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Gertrude Elias – talented artist who accused Orwell of stealing her ideas and artwork – remained true to her beliefs

16 March, 2017 — By John Gulliver

Hampstead artist Gertrude Elias accused George Orwell of stealing her ideas for Animal Farm

GEORGE Orwell is in the mould of our great essayists William Hazlitt and Oliver Goldsmith. Few other writers have exposed the language lying bureaucrats and politicians use as double-speak.

And as for our democracy, it is “better to have half a loaf than none” as Orwell put it in the mouth of a worker in one of his essays.

But I have long ago abandoned the gods of politics and art.

That wasn’t quite what I thought in the late 70s when I got to know Gertrude Elias, a superbly talented artist. She didn’t conceal her communist beliefs and accused Orwell of stealing her ideas and artwork that led to his fabled satire Animal Farm.

A brave woman, who had fled from Vienna to London in 1939 with her husband, she soon established herself as a sought-after illustrator – prestigious publishers paid her handsomely for her work which adorned important novels in the 40s.

During the war she sent eight full-colour cartoons of animals to the Ministry of Information as an idea for an anti-Nazi satire which was passed on to the BBC – and rejected.

An example of Gertrude Elias’s work

A little later Orwell published his Animal Farm, and she became convinced that as he had access to her work at the BBC he had stolen her ideas, turning his animals into communists when in fact hers had been Nazis. Orwell aimed his barbs at the Russians – even though they were our allies, and the balance of the war was still in doubt.

I believed in the genuineness of her feelings whenever I met her, sometimes in the office, occasionally shopping at Sainsbury’s or at her Hampstead home. How could I do otherwise? She was one of those people about whom one never has any doubt is telling the truth – as she sees it.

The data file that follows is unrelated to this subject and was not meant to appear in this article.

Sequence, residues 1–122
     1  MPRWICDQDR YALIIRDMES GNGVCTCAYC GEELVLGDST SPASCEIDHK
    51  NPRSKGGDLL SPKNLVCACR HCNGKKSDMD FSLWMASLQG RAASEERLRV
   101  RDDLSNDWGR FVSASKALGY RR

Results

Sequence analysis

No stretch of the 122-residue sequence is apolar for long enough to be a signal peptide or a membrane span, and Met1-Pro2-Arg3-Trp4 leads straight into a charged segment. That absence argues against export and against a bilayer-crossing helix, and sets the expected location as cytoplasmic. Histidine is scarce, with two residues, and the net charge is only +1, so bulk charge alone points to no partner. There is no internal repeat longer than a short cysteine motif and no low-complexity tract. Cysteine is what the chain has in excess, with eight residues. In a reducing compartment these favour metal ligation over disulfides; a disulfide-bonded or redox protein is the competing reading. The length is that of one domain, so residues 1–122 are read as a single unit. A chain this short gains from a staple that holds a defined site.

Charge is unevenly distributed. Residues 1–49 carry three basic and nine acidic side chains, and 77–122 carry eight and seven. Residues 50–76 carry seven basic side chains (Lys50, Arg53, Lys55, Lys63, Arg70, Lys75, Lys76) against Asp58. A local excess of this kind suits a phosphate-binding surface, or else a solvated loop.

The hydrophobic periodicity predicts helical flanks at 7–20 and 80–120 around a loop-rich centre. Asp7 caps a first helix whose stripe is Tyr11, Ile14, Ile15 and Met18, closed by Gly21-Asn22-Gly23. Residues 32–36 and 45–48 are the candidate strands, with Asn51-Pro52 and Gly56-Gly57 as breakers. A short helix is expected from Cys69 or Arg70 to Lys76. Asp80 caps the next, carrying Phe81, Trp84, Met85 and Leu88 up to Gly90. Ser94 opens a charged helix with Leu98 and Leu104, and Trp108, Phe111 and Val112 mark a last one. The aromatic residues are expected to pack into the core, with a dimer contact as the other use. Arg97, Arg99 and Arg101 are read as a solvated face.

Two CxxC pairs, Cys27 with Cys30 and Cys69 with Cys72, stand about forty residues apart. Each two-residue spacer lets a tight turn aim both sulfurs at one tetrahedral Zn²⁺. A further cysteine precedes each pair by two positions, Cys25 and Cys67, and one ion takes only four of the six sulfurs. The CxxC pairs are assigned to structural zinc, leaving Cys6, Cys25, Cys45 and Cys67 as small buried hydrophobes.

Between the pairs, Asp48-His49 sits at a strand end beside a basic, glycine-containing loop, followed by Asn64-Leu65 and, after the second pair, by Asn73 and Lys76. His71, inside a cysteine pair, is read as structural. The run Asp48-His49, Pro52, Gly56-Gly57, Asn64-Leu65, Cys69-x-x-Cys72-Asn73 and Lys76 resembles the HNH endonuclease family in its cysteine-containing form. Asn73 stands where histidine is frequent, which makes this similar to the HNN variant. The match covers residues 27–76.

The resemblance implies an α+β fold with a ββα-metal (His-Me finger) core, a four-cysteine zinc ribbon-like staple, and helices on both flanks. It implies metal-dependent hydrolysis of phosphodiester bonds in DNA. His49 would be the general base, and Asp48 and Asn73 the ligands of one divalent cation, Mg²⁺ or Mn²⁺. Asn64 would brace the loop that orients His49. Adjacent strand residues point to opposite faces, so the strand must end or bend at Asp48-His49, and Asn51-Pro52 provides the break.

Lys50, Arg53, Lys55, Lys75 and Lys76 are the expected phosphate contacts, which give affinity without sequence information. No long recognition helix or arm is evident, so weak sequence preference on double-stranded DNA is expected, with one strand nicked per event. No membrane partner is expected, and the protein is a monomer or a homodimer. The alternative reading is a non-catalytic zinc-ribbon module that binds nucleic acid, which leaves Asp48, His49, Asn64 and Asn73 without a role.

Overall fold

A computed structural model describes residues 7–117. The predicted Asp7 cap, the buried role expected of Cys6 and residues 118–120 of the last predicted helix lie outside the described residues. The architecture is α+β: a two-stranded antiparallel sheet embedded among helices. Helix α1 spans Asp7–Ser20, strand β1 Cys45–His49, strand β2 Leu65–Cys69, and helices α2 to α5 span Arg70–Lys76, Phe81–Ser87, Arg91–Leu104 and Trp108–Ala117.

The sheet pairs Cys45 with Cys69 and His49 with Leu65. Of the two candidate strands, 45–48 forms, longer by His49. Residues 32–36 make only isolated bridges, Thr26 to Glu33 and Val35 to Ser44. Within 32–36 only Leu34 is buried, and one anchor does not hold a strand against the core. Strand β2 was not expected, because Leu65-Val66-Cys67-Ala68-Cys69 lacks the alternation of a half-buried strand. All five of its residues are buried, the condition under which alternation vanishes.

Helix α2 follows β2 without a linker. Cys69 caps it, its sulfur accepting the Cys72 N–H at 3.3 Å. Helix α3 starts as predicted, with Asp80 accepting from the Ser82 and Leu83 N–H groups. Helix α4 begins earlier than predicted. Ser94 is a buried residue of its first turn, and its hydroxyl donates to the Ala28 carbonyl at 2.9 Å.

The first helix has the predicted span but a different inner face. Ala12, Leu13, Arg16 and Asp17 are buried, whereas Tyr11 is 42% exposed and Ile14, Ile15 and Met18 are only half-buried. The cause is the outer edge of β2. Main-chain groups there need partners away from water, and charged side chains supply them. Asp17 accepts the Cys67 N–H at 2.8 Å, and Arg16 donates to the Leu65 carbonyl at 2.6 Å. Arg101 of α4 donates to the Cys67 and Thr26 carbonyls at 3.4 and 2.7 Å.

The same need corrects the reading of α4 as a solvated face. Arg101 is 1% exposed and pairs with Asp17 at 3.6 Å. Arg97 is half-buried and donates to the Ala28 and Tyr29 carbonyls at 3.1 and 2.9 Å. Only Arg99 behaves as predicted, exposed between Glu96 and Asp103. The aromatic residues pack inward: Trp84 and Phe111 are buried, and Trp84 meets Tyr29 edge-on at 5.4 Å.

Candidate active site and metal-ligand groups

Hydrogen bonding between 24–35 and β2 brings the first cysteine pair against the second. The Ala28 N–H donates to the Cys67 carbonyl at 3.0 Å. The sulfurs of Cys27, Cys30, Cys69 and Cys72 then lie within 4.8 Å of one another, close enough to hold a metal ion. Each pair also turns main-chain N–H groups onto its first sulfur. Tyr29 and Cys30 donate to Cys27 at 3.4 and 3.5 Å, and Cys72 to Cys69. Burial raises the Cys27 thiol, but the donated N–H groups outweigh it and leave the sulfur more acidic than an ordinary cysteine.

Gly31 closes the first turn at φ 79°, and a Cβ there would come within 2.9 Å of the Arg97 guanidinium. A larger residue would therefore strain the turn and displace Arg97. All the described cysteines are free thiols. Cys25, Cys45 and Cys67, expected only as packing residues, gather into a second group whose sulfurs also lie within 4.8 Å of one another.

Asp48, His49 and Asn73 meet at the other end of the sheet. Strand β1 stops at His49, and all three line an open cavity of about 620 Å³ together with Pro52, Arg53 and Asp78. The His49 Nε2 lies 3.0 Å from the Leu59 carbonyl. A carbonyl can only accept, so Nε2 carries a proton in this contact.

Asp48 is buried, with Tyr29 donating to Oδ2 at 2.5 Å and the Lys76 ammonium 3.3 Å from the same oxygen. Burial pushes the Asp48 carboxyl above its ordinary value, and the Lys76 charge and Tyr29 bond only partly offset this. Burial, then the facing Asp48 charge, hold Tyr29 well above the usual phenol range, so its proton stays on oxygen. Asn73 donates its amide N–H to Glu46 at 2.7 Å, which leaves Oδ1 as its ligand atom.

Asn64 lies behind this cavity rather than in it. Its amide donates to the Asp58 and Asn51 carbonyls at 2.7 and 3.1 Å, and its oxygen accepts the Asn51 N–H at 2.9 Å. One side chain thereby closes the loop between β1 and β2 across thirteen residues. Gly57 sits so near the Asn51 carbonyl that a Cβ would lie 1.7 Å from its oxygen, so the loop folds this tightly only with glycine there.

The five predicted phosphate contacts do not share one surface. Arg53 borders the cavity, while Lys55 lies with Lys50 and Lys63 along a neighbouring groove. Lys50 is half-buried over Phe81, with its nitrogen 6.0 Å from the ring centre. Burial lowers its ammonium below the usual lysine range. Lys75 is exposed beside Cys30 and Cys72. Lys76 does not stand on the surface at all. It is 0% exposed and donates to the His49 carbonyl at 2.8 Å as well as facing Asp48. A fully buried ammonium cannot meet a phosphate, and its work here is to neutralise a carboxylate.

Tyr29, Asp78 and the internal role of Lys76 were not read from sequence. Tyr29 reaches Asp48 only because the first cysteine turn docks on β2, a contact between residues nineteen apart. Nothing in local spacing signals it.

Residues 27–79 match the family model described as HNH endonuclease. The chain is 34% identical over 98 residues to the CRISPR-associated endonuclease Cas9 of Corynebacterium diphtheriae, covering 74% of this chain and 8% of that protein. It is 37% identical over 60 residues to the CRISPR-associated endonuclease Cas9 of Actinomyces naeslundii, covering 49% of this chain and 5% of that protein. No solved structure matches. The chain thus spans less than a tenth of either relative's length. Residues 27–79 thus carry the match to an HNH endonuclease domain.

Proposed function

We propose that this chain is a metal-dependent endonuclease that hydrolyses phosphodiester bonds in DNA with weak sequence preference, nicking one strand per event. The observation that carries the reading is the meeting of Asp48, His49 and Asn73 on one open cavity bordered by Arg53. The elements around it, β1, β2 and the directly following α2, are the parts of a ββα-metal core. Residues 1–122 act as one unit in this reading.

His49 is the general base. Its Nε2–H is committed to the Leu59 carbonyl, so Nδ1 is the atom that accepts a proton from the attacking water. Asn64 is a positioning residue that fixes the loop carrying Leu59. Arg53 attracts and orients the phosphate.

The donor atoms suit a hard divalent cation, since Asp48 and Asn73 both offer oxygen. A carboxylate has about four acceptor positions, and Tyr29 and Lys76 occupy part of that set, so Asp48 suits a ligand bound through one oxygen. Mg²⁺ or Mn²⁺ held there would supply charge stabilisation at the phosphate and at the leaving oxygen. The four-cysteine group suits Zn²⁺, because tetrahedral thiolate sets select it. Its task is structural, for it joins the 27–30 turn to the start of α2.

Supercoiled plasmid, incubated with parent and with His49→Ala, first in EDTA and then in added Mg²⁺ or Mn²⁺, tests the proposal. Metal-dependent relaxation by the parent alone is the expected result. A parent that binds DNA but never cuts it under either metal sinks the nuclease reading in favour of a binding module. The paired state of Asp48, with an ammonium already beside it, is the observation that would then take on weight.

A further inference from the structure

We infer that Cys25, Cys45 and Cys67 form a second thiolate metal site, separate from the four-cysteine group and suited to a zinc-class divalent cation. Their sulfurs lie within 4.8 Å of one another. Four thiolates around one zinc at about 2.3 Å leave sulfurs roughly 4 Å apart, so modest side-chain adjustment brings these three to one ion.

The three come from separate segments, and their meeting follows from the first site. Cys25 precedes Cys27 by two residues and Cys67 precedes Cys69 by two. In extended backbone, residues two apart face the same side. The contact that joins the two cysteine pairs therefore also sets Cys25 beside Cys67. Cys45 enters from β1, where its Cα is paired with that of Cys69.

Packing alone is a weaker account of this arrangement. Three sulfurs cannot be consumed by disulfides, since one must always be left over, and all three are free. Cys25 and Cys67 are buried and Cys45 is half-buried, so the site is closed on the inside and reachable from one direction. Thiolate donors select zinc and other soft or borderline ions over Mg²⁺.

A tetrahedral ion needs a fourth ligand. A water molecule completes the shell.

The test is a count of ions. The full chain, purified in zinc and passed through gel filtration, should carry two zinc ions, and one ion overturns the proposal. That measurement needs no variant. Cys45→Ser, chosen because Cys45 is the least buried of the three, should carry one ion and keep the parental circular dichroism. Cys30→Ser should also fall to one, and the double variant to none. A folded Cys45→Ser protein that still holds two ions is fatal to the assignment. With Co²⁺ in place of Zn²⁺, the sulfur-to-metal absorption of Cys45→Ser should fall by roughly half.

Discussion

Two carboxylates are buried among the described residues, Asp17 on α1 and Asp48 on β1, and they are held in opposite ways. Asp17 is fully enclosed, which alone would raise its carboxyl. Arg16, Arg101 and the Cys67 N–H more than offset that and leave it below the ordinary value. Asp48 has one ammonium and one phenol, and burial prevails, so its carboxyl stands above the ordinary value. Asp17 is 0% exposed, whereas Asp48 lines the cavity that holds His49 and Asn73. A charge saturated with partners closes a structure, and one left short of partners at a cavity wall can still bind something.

It was only a few months ago that I met a couple, Nilu and Martin York, who had worked closely with Gertrude when she was in her late 70s in editing her stories for a very good publication, London Voices. In their talk at Marx Memorial Library in Clerkenwell they spoke so vividly about Gertrude, who died in 1998 at 84, that the little woman with a heavy Austrian-German accent came alive again.

They could not fail to mention the George Orwell episode, and they filled in all the little details about who Gertrude had left the cartoons with and how possible it would have been for her contacts to have shown, probably accidentally, the cartoons to Orwell, or for him to have come across them at the BBC.

If you think about the animals in Animal Farm and who were the baddies and who were the heroes you can see how her ideas could have been used.

The evidence she had supplied them with that I had come across for the first time convinced me she had a strong prima facie case of plagiarism.

For Orwell, this led to world fame; for Gertrude Elias it meant obscurity.

She offered to produce evidence for Bernard Crick, who was toiling away at Orwell’s biography at the time, but he declined any interest.

Gertrude Elias – one of the most modest persons I knew – never even hinted at her ability as a book illustrator whenever I met her. But there was no doubt about her enormous talent when Nilu and Martin York showed the audience in the library copies of her illustrations – they showed superb draughts­manship and a sense of colour. Gertrude remained true to her beliefs for the rest of her life – she took up the cause of the Palestinians and opposed apartheid in South Africa, forever on the side of the downtrodden.


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